To beat or not to beat is not the question; how much to beat is the question. Sometimes even the most competent cook is baffled by a recipe that indicates beating an ingredient without telling how much or how long, or by a recipe that instructs kneading or folding without telling how long to knead or how much to fold.

One reason for this confusion is that there simply isn't enough room in newspapers, magazines and cookbooks to explain basic concepts such as beating each time they occur in recipe after recipe. But, whatever the reason, here and now let's clarify the issue.

Whole Eggs: "Lightly beaten" is a phrase that sometimes follows the number of eggs in an ingredients list. It means that the eggs should be beaten with a fork until the yolks and whites are well combined, as you would for scrambled eggs. There is no way to overbeat whole eggs with a fork.

Egg Yolks: "Beat until thick" or "beat until light and pale in color" are two of the traditional ways to describe egg yolks that have been beaten with an electric mixer set at high speed for 2 to 3 minutes until they are almost tripled in volume and are as thick as yogurt. Egg yolks beaten with sugar will be slightly thicker than egg yolks beaten without sugar, and the latter will achieve a greater volume. Even with 4 or 5 minutes of extra beating, the final dish will not be affected.

Egg Whites: "Beat to soft peaks" or "beat until stiff" are common ways of describing the final texture of beaten egg whites. You can overbeat plain egg whites, so be careful.

Egg whites should be beaten at medium to medium-high speed with an electric mixer. When they have tripled in volume, begin to watch them carefully. Stop the beater periodically and lift it out of the egg whites. The beaten egg white adhering to the bottom of the beater will form a soft peak first, that is, it will form a point not quite stiff enough to stand upright, a point that bends gently downward. This is the texture indictated when a recipe calls for the egg white to be beaten to "soft peaks." (It is ideal for beaten egg whites that are to be folded into a savory mixture.)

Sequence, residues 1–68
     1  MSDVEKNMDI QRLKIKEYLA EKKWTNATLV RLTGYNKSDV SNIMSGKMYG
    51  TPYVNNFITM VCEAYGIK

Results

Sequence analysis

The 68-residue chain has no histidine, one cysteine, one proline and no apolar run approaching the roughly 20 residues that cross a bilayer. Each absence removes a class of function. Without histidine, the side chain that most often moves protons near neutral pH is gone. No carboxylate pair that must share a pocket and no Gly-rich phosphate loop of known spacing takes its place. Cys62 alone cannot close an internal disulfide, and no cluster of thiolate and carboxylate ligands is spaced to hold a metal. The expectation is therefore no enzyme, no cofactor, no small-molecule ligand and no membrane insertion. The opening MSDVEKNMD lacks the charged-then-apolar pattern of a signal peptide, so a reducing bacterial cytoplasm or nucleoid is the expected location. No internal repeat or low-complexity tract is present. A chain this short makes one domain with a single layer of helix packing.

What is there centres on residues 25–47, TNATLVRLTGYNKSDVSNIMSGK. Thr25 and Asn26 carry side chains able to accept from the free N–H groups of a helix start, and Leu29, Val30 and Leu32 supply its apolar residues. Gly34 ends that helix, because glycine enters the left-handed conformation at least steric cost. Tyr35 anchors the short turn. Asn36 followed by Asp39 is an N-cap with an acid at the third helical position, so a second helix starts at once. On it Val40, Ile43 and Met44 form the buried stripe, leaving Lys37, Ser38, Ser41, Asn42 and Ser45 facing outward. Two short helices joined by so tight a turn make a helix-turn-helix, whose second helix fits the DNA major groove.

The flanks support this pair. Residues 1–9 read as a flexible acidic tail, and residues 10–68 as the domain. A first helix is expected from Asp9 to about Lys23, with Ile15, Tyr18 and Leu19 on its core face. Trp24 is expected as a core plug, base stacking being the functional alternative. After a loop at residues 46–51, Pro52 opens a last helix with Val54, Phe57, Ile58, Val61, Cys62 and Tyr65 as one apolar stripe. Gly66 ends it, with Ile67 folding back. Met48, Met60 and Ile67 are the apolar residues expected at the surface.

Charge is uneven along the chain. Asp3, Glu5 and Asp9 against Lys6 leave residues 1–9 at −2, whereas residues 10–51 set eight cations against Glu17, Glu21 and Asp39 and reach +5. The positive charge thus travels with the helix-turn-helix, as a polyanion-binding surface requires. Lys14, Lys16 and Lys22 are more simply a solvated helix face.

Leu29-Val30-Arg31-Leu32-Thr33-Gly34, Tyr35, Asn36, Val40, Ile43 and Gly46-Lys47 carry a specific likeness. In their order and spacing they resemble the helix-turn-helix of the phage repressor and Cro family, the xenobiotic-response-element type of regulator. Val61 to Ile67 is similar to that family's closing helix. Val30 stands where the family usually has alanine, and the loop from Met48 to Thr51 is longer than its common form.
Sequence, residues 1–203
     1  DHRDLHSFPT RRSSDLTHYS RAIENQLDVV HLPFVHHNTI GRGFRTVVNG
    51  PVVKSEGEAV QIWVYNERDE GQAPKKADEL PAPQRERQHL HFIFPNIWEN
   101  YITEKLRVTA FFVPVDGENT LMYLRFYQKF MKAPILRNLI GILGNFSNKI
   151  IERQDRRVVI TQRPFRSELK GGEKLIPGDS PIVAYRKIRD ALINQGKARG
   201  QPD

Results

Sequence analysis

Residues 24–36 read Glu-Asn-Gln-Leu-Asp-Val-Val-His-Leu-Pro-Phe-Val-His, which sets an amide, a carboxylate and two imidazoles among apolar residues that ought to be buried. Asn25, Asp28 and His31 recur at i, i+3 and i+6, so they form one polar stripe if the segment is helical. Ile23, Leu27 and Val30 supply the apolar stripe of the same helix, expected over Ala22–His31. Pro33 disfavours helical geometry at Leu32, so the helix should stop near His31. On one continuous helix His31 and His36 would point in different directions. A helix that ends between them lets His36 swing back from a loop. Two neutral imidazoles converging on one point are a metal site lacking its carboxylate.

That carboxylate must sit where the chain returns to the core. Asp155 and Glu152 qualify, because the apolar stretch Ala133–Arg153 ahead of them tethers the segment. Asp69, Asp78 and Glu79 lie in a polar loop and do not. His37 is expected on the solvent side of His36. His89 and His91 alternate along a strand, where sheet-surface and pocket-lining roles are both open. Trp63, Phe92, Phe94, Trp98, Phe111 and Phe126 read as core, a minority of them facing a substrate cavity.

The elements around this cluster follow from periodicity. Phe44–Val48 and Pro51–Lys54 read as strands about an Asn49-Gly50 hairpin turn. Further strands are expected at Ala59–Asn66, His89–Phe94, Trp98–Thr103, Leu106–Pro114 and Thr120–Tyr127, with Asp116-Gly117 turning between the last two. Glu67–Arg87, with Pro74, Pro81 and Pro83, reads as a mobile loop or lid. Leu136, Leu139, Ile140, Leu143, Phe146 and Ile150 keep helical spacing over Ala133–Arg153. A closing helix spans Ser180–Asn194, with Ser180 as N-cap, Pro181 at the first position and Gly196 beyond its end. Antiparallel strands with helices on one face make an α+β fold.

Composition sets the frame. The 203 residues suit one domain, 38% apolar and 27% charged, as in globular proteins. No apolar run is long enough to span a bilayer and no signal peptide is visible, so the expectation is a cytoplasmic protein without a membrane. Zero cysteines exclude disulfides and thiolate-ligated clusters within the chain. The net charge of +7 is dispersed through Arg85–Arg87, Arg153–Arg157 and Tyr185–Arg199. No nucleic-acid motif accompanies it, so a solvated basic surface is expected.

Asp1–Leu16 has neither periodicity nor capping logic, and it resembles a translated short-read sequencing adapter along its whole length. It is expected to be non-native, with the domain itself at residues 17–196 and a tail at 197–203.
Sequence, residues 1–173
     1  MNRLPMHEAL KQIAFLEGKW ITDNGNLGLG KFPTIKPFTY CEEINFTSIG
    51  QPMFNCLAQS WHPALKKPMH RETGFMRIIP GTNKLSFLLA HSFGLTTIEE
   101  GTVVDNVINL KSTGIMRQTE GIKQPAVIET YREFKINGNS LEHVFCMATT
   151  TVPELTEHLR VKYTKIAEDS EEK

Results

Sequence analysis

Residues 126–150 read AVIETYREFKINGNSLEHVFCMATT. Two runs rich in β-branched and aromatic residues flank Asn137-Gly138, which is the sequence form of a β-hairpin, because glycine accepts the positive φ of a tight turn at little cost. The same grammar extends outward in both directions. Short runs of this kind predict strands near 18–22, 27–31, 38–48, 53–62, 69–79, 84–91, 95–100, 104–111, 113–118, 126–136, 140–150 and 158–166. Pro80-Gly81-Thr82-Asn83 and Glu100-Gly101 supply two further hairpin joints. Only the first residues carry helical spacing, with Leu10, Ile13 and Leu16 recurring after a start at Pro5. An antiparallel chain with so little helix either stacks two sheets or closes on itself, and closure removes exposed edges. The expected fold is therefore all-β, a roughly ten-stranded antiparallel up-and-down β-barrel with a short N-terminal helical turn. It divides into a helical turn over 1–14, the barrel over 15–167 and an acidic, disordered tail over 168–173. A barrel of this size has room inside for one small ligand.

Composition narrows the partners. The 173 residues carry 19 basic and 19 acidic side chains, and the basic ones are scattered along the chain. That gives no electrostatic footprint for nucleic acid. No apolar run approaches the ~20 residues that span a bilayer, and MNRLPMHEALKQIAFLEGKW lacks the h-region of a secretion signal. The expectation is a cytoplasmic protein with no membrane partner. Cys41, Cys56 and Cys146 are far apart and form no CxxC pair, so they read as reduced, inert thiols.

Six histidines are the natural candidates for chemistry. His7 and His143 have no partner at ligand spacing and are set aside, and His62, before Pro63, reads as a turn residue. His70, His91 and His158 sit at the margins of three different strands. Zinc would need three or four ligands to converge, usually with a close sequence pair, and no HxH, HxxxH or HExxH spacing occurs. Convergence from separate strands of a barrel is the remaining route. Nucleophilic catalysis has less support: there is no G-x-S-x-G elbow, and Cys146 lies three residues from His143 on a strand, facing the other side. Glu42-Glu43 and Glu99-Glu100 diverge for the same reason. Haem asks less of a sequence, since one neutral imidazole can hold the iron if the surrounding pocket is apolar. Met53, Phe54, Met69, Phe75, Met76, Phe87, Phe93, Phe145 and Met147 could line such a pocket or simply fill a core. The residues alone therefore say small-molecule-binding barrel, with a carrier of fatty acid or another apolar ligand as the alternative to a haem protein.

Continue beating the egg white for about another 30 seconds and the peaks will stand stiff and upright when the beater is lifted out. This is the texture described as "beaten stiff."

With as little as 15 to 30 seconds of beating past the stiff-peak stage, the egg whites will be hopelessly overbeaten and the texture will change from smooth to dry and cracked. Overbeaten egg whites cannot be folded successfully into another mixture without deflating them so much that the final mixture will not rise, or in the case of mousses and souffle's, will not be light.

Overbeaten egg whites are best discarded.

Meringues: Meringues (egg whites and sugar beaten together) are impossible to overbeat. If sugar is added at the beginning, the meringue will beat more slowly than if the sugar is added after the whites have already been beaten to doubled volume. Meringues go through the same stages as beaten plain egg whites (see above), both soft and stiff peaks, but there is an important difference between beaten egg white and meringues. In meringues, the sugar acts as a stabilizer, thus making it nearly impossible to overbeat a stiff meringue. Even 5 or 6 minutes of extra beating will not harm a meringue.